The Trump administration has let DACA stand, but acknowledged its legal trouble. Then-Homeland Security Secretary John F. Kelly, now Trump's chief of staff, this month informed lawmakers that lawyers have told him it may not stand a challenge.

• • •

Public opinion polls show broad support for helping Dreamers. A Morning Consult survey in April showed nearly 4 in 5 registered voters think the young immigrants should be able to stay in the country and just over half support eventual citizenship.

Only 14 percent of voters supported deportation.

Still, the polling has not improved the chances of legislation in Congress.

This month, Sens. Lindsey Graham, R-S.C., and Richard Durbin, D-Ill., introduced an updated "Dream Act" that would grant permanent legal status to qualified immigrants and provide a path to citizenship.

Eligibility requirements include a record free of serious crimes, some college education, military service, or at least three years of full employment.

"To President Trump, you're going to have to make a decision," said Graham. "To the Republican Party: Who are we? What do we believe? When they write the history of these times, I'm going to be with these kids."

Despite calling on Congress to do something to solve the immigration puzzle, White House officials have signaled Trump is not likely to sign the legislation — which stands little chance of reaching his desk.

So far, only one other Republican has signed on: Sen. Jeff Flake of Arizona.

Rubio said he was concerned about bad actors in Central America using it as a way to mislead people into making their way north, even though people would have had to live in the United States for at least four years to qualify.

Rubio's office would not say whether he would try to influence the legislation. A House version exists but also faces tough odds.

Rubio, whose involvement in immigration policy has caused him problems with conservatives, worked on a version of the Dream Act in 2012 but never produced a bill.

"It was his dilly-dallying that gave Obama the opportunity to do DACA," said Mark Krikorian, executive director of the Center for Immigration Studies, which advocates for stricter immigration policies.

Obama himself long said he was limited in what he could do without Congress, but he was under intense pressure to act.

Krikorian says Trump should at least stop issuing new DACA permits — an aim of the attorneys general — and would favor granting current recipients green cards in exchange for requiring employers to use a background check system known as E-Verify as well as closing off avenues for family-based sponsorship.

"There's no question that somebody who came here illegally as a toddler and has grown up here is someone who is American in all but paperwork," Krikorian conceded, arguing that someone who came at age 15 is different.

• • •

Jaime Rangel arrived in the United States with his Mexican parents when he was 3 months old. They settled in Georgia.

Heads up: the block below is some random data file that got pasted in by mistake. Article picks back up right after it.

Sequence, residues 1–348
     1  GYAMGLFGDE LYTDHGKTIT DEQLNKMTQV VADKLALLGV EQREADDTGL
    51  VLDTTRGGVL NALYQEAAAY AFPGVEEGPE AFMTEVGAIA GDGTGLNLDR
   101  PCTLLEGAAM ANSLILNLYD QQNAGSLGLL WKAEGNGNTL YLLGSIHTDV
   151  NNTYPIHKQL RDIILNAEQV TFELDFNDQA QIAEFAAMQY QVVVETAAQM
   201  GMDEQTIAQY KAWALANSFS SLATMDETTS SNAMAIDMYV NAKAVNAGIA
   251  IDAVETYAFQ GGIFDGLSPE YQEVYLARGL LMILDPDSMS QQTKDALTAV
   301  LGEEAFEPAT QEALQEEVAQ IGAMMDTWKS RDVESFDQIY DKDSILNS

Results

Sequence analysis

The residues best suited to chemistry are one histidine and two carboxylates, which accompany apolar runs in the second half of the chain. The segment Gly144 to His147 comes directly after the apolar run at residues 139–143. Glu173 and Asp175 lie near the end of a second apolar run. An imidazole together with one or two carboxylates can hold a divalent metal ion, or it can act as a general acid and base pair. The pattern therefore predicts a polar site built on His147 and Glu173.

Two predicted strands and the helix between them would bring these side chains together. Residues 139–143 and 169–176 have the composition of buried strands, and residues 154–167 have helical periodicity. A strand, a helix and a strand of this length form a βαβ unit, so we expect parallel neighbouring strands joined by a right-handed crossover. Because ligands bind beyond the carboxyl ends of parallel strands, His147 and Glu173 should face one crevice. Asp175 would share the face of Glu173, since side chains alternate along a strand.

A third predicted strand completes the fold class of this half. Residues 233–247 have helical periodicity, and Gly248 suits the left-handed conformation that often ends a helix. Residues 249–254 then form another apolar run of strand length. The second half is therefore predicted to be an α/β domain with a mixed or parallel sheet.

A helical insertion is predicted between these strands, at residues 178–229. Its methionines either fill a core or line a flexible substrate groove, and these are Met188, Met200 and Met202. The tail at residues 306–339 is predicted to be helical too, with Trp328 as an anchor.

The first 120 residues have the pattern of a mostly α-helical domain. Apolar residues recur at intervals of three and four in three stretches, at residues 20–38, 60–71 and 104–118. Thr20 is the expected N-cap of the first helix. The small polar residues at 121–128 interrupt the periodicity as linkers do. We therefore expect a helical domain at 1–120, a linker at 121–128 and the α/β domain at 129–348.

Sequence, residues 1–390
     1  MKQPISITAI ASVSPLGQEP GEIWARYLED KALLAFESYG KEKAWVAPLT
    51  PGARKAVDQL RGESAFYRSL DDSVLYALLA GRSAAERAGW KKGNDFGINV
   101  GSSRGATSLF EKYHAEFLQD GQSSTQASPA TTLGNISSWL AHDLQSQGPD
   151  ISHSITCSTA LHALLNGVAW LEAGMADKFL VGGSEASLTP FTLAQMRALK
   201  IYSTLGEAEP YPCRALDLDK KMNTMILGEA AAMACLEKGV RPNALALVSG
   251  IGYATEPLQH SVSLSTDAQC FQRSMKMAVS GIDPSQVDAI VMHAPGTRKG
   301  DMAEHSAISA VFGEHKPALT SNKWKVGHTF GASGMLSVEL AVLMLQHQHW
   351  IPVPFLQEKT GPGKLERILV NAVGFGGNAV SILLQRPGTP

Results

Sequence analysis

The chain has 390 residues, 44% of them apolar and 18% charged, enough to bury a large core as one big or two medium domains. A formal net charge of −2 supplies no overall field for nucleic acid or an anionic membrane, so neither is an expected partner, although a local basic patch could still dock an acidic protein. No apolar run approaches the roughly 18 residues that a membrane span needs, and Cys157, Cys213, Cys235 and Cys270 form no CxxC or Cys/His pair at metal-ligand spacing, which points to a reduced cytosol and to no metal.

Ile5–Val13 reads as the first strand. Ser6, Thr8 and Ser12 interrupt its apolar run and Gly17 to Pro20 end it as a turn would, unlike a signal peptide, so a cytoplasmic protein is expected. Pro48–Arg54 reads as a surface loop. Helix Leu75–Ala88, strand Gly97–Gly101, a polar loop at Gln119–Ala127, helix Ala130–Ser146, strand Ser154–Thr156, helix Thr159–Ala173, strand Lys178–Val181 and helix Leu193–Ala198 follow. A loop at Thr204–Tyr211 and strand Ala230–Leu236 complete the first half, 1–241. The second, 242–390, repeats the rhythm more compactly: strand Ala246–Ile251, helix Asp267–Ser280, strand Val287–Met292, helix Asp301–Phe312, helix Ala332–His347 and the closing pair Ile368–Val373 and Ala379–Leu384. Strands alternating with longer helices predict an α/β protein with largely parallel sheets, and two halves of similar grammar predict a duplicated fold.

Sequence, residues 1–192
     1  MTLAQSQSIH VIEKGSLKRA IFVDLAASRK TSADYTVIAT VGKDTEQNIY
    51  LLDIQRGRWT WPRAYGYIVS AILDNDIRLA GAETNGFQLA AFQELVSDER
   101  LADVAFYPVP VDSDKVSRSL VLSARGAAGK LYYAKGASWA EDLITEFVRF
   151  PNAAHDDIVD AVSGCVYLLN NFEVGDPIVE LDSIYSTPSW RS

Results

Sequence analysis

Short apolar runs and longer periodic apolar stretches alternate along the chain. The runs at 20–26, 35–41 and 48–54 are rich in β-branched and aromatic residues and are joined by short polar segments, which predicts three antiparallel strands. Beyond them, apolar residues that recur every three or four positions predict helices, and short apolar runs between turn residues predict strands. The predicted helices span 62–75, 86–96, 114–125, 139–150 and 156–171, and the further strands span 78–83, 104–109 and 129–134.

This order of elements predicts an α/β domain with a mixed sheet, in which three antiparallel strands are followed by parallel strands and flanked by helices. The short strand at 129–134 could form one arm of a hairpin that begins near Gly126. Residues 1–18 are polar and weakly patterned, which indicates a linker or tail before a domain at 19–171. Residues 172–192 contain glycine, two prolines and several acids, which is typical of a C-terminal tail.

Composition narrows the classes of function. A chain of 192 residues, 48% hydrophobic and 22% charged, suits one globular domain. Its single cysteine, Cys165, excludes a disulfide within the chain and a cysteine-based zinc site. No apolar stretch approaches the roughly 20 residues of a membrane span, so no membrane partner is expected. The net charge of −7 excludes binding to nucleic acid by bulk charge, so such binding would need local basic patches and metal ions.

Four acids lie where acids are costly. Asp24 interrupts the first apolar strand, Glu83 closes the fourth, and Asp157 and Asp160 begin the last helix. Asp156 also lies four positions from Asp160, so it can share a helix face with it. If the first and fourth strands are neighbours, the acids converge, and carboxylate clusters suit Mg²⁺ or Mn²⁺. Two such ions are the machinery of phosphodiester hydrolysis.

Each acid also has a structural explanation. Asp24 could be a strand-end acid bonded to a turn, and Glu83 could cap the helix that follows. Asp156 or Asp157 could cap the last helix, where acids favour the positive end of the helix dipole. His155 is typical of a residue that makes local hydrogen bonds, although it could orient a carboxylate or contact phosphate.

"I tell everybody I grew up a Latino eating tortillas and grits at the same time," the 26-year-old said in a Southern drawl. "Northwest Georgia has always been home to me — that's where I got my values, God first and love thy neighbor."

He spoke this month on a conference call arranged by FWD.us, a bipartisan group that has pushed for immigration reform and argued that the economy would suffer if thousands of people are forced out of jobs on a weekly basis.

Rangel said he fell into depression when he learned he was not a U.S. citizen and could not get a driver's license. He obtained one through DACA, and got a job that helps him pay for school at Dalton State College.

"We're just here trying to live the American dream," Rangel said. "Many of us are buying houses, buying cars and contributing to the economy. If DACA were to go away, it would be catastrophic."

Ramirez, the Tampa woman, moved to the United States from Mexico when she was 6. Her father could not find work, she said, and they overstayed a visa. Her parents live under the threat of deportation.

"I love my parents and think they did what any parent would do: They came to provide a better life for me and my sister. I understand why many don't agree with that. This is why I like to speak about my story."

She went to Jefferson High School in Tampa and will graduate from the University of South Florida next month with a degree in political science and plans to move to Washington to begin a career. If DACA is rescinded, she said, "I would be out of a job within days" and could face deportation.

"The United States is my home," Ramirez said. "I don't really remember Mexico. It would be devastating to leave home."

That may be an extreme outcome, but the prospect of falling back into the shadows is real, so she anxiously watches Trump for a sign.

"To me, it's one of the most difficult subjects I have because you have these incredible kids — in many cases, not in all cases," Trump said in February. "It's a very, very tough subject."

Contact Alex Leary at aleary@tampabay.com.